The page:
In order to control the output voltage and adjust the power factor of the SEPIC converter, an analog controller is used in said document. According to the invention, a digital controller is used to control the SEPIC converter. Further, the above-explained conditions for controlling the step-up converter which dominates the marketplace make it obvious that, when a digital controller is used, it must have a sampling procedure that can resolve the mains frequency. In this context, the term “analog controller” is intended to mean a controller which reads in and processes actual values, and outputs control values, as a continuous function of time. A digital controller functions as a discrete function of time. The actual values are sampled only at discrete points in time, between which there are sampling intervals. A new control value is likewise output at discrete points in time. This gives rise to control intervals within which the control value is constant. For the step-up converter, it has been found that the sampling and control intervals need to be shorter than 1% of the period of the mains frequency, in order to meet the requirements of said applicable regulations.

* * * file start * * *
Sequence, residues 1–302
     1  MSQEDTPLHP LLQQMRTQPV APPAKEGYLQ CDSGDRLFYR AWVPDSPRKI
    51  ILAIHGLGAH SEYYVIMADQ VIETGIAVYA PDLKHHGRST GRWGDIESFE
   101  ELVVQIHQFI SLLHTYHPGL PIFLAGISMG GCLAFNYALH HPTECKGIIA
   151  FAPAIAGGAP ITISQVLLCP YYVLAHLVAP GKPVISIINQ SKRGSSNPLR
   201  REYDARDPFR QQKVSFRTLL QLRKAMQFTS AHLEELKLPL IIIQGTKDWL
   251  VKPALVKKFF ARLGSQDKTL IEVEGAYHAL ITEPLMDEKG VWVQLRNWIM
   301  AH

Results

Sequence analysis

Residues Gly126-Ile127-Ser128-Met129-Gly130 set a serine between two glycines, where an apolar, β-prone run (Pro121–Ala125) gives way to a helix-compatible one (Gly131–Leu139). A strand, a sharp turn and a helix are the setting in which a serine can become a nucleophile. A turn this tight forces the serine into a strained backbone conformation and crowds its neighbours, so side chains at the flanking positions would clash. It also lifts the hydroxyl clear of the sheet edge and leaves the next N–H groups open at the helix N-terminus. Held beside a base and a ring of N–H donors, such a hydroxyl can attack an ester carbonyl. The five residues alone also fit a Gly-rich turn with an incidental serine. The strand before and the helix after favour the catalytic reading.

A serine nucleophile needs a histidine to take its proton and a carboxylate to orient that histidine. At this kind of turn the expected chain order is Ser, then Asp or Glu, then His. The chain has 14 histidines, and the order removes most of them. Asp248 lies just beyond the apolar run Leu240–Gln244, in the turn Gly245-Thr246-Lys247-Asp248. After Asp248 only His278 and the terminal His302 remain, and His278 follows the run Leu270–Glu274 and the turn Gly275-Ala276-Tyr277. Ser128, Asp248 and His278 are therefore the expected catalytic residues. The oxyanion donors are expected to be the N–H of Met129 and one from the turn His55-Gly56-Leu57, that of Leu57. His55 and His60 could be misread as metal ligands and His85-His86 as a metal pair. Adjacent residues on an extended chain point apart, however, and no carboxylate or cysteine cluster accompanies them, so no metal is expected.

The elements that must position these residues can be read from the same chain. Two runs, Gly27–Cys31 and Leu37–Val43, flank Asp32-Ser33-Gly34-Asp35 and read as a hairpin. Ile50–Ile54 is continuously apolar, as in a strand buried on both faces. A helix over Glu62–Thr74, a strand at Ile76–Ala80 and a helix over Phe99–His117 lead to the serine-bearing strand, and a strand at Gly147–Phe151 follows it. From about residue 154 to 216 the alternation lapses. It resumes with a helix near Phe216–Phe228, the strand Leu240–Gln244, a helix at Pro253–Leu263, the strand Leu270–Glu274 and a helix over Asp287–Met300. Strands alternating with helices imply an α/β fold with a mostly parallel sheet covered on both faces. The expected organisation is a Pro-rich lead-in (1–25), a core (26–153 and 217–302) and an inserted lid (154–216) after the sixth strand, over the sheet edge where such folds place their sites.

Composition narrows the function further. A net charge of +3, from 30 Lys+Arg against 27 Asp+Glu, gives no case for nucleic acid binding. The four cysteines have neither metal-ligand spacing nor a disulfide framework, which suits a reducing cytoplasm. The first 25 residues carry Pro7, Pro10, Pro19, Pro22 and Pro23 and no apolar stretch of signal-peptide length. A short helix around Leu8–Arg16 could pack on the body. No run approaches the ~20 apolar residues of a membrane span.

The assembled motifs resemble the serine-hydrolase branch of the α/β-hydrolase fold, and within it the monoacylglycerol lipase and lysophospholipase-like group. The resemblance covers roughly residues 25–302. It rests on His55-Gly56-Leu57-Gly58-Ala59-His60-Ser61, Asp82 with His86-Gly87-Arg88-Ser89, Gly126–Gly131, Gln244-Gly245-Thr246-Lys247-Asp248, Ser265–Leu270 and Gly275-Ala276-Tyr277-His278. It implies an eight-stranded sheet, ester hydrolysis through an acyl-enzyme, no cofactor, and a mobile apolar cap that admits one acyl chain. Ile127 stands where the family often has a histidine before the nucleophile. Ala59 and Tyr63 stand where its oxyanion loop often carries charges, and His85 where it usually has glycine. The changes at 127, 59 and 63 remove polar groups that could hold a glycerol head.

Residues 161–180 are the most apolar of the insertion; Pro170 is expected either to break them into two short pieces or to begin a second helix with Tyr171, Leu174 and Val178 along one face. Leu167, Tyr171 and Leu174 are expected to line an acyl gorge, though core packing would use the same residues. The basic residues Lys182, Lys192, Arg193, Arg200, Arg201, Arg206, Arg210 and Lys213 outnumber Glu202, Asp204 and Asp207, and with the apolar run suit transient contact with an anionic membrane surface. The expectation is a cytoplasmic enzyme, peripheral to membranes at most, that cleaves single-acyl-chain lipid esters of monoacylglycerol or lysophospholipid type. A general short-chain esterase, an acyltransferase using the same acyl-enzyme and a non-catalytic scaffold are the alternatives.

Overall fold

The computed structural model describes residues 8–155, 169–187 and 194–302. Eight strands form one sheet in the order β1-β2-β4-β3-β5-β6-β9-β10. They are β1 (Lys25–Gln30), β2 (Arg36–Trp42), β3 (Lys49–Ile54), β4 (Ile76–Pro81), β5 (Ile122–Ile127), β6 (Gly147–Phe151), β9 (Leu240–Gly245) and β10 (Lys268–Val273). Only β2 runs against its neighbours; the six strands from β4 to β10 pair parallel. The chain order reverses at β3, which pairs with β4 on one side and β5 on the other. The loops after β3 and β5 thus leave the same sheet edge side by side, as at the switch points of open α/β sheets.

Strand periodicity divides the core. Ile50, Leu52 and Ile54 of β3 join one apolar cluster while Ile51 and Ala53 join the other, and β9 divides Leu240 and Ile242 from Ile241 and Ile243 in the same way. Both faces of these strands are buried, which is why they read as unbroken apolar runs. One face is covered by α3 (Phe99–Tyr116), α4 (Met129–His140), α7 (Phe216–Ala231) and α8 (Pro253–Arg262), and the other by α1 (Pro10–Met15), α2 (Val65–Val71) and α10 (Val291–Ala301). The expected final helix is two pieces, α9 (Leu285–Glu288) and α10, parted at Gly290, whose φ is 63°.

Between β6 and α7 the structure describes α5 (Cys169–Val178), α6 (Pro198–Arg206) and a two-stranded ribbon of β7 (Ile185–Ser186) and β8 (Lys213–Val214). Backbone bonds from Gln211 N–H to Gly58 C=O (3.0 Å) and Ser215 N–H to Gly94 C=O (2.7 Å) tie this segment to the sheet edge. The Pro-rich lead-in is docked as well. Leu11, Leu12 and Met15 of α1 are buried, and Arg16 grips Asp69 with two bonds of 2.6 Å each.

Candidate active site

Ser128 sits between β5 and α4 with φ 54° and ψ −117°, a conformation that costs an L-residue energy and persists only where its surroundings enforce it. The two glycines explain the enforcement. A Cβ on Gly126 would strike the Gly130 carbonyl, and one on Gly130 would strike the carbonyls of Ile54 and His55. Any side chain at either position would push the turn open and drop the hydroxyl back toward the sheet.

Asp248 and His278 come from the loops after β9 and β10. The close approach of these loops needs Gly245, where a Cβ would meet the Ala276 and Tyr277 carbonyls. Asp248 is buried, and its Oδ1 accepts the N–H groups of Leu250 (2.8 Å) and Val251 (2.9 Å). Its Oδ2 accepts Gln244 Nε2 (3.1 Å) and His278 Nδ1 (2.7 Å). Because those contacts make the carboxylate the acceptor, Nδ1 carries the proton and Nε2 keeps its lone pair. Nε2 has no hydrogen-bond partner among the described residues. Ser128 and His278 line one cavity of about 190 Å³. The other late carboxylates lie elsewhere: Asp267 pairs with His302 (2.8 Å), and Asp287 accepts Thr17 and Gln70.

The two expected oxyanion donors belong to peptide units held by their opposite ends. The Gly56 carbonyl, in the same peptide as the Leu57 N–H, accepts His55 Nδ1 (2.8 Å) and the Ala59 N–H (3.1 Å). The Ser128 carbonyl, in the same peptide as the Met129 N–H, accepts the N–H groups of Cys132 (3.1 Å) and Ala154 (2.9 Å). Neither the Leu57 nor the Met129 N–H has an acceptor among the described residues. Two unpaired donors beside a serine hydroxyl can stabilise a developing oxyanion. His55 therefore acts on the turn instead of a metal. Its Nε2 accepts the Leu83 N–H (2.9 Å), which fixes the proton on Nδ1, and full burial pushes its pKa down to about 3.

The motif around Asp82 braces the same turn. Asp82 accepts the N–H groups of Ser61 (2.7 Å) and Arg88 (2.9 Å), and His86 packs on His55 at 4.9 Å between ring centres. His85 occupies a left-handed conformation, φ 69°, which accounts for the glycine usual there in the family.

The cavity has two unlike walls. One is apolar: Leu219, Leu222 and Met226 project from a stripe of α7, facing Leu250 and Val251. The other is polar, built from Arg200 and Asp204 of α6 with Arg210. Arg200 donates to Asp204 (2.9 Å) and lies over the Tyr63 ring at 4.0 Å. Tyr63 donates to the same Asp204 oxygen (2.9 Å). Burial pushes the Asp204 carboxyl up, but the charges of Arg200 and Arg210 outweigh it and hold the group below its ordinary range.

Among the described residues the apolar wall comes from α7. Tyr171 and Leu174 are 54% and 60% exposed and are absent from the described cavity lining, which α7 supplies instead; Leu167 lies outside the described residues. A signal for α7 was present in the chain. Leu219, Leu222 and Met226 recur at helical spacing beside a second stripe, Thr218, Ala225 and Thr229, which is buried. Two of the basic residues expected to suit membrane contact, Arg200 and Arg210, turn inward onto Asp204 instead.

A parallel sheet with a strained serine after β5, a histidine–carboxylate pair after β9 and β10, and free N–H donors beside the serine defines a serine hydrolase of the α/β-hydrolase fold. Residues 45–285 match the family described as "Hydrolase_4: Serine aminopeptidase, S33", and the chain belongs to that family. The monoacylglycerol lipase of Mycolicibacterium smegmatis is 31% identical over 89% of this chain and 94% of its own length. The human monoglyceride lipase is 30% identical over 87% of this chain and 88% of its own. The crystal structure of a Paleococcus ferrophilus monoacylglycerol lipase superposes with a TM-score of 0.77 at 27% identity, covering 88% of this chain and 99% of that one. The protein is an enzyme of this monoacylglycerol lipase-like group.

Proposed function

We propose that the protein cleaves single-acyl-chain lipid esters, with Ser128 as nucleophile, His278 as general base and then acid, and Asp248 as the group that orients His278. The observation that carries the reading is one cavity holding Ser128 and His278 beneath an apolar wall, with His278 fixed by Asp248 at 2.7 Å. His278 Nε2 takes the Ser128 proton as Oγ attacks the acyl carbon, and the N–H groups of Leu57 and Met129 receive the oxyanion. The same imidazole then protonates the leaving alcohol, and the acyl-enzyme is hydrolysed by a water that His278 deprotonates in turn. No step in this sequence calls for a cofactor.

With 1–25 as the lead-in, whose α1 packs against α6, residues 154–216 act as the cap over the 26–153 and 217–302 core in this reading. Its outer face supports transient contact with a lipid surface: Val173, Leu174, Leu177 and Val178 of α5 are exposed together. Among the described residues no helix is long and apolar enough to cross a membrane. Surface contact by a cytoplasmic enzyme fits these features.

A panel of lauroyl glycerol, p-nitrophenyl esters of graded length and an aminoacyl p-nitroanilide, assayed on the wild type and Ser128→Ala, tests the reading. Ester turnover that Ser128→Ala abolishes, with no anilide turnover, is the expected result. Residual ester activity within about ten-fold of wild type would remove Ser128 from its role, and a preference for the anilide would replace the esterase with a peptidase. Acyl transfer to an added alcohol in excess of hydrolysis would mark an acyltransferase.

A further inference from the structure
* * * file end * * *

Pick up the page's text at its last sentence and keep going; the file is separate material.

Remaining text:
The invention uses the aforementioned property of a SEPIC converter that, in the mode with a discontinuous current profile, a sufficiently good power factor can be achieved with a constant duty ratio. The duty ratio is not adjusted to the instantaneous mains voltage, but instead merely the output voltage of the SEPIC converter is controlled. The output voltage need not be sampled at intervals which are shorter than 1% of the period of the mains frequency. According to the invention, the control intervals, i.e. the time during which the duty ratio is kept constant, are now at least as long as 1% of the period of the mains frequency. For a mains frequency of 50 Hz, for example, a control interval that is at least 0.2 ms long is hence obtained.
A commercially available microcontroller constitutes a flexible solution for implementing the controller according to the invention for the input stage of the electronic ballast. Since the invention requires only long sampling intervals (compared with the control of a step-up converter), an inexpensive microcontroller can be selected.
The invention will be explained in more detail with reference to an exemplary embodiment.